Credit Card Versus Debit Card. Which Is Better?

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Credit cards and debit cards each have advantages. Which one you use depends on your cash flow and making that monthly payment.

Borrowing Money Versus Using Money

Over 1 billion credit and debit cards are in circulation in the United States. American consumers have been using both kinds of cards more than cash or checks since 2003. And for the first time, debit card purchases have surpassed credit card purchases. So, which is better - using debit cards or credit cards?

The biggest difference between debit cards and credit cards is from where you are drawing the funds. By using a credit card for purchases, you are borrowing money from the credit card issuer. Each time you use a credit card to make a payment, you are accruing debt. You can pay off the balance in full within a single payment cycle with no interest, or over time with interest.

If you have a tendency to spend money before you have it, using debit cards instead of credit cards can help you avoid credit problems. With a debit card, you are using money that is already in your checking account where no interest is added to the cost of your purchases - another plus.

On the other hand, if you are very disciplined with your spending, and will reliably pay off your credit card balance in full each month, using a credit card instead of a debit card has some advantages.

Building Your Credit History

Want to build a good credit score to get the best rates on mortgages or car loans? All of your best habits and on-time payments made with your debit card don't help. These transactions are not reported to credit agencies like transactions on a credit card. Your credit score is more important than ever. Improving your credit rating with impeccable personal finances can help build a good credit history.

Floating Money - Pay Now or Pay Later

When you use a debit card, the funds are withdrawn from your account right away. If you use your PIN, the money is taken immediately. If you sign for a payment, the money is usually withdrawn within 24 hours. When you use a credit card, you can take advantage of what is called "float." There is a period of time between your purchase and the due date of the credit card bill. By keeping your money in an interest-making savings account, you can actually earn a little interest by making monthly payments on your credit card.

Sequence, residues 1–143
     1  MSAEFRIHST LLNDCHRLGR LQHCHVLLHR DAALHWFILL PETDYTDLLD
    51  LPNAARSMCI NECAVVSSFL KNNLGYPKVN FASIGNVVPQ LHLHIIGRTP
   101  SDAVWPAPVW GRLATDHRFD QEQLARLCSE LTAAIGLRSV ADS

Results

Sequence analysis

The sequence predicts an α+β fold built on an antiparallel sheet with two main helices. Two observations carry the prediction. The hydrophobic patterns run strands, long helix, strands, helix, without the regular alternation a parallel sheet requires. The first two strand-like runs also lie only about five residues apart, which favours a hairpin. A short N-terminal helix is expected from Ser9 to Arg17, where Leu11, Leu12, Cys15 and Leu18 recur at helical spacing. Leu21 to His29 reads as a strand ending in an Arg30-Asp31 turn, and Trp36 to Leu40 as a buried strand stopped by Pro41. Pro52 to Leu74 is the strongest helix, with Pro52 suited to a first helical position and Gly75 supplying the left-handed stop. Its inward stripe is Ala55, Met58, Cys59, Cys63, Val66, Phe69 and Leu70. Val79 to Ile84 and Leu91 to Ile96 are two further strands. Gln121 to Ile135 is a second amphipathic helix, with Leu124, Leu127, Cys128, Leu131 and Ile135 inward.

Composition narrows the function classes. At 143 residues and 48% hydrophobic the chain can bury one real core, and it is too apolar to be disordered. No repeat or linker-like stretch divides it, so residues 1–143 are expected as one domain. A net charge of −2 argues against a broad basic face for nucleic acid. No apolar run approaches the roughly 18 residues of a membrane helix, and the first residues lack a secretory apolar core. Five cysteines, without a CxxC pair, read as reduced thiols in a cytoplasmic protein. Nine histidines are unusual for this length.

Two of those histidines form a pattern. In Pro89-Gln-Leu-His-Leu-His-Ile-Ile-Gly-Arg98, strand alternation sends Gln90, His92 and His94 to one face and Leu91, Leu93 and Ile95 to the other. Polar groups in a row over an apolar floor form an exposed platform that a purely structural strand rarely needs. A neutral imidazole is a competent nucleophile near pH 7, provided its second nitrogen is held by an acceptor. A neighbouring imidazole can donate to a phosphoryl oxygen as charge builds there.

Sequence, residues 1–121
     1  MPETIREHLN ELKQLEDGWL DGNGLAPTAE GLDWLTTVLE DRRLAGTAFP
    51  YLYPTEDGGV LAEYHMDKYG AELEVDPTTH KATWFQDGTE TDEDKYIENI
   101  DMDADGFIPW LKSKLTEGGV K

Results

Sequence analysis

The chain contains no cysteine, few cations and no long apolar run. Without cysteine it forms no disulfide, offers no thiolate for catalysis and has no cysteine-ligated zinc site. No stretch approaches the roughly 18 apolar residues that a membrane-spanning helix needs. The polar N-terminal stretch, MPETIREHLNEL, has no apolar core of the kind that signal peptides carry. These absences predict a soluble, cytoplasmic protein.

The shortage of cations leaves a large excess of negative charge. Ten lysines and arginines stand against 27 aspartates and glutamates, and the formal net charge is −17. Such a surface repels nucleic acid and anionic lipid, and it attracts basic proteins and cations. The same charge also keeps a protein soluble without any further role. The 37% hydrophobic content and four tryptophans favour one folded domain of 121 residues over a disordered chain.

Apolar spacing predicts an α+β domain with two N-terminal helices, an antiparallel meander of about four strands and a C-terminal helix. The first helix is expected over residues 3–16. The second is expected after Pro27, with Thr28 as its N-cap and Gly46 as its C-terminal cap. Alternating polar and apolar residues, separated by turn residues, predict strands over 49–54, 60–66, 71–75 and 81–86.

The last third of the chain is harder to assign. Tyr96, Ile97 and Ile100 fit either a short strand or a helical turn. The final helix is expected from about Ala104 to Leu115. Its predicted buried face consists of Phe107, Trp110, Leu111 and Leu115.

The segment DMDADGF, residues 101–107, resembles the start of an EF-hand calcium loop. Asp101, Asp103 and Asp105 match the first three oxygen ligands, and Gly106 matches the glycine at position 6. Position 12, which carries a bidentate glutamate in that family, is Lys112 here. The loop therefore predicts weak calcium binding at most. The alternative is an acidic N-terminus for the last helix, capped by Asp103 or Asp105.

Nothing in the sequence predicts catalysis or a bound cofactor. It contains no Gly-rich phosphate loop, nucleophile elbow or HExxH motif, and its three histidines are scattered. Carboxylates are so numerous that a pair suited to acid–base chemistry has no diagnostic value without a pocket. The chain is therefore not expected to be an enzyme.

Making those monthly payments where you pay off the full balance is absolutely key to your advantage of using a credit card instead of a debit card. In order to be sure that you can completely pay off your credit card balance each month, you will need to determine a detailed monthly budget that outlines everything from groceries to utilities to gas, and even a little for miscellaneous. If you can't pay the credit balance in full each month, use a debit card.

Credit Card Safeguards

Both credit cards and debit cards offer safeguards to protect you from fraudulent use if your card is stolen. However, there are important differences in protection between debit and credit cards. The protection debit cards offer has certainly improved over the years, but they have greater limits than credit cards.

If your debit card is lost or stolen, notify your card issuer, your bank, immediately. If you call the card issuer within two days, your liability will likely be limited to $50. If you call after two days, you will probably have to cover $500 of any potential loss. If you somehow forget or fail to call your bank until after 60 days, you will probably have to cover all losses from that account. If you consider that someone stole your card to use it, then the amount of money you have to cover could be substantial.

Even if you contact you bank in a timely manner, the funds stolen from your account may not be replaced in a timely manner. You could find yourself in a cash-flow crunch where other transactions default, and overdraft fees begin to snowball. Your credit report could suffer. Because the trouble is with your bank account, as opposed to a credit card company's account, you will have to spend the time fighting to get your money back.

If your credit card is lost or stolen, and you contact your credit card company before any charges have been posted to your account, you will most likely avoid any responsibility for any posted charges. If charges have been posted to your account before you call the card issuer, you will probably have to cover only the first $50 of charges. Beyond that liability, the credit card company will handle the issues with any merchants that have been affected.

Credit Card Rewards and Services

Some debit cards offer rewards, but most are not as valuable as credit card rewards. With some credit cards, a small percentage of what you charge can be allocated toward a college fund or other account. Some credit cards offer a cash back feature where a small percentage of your purchases come back to you as cash.

Credit cards can also provide extended warranties on some products and insurance on for rental cars and airline travel.

Which is Better? Credit Cards or Debit Cards?

The choice between using a credit card or debit card boils down to one question: Can you determine a monthly budget, not exceed it, and pay the full balance of your monthly credit card bill each and every month? If you can, then move that debit card to the back of your wallet or purse and use a credit card along with the highest interest-paying savings account you can find. If you are not sure about your monthly cash flow, use a debit card. Though you are not earning interest or helping your credit score, you are acting with financial responsibility.

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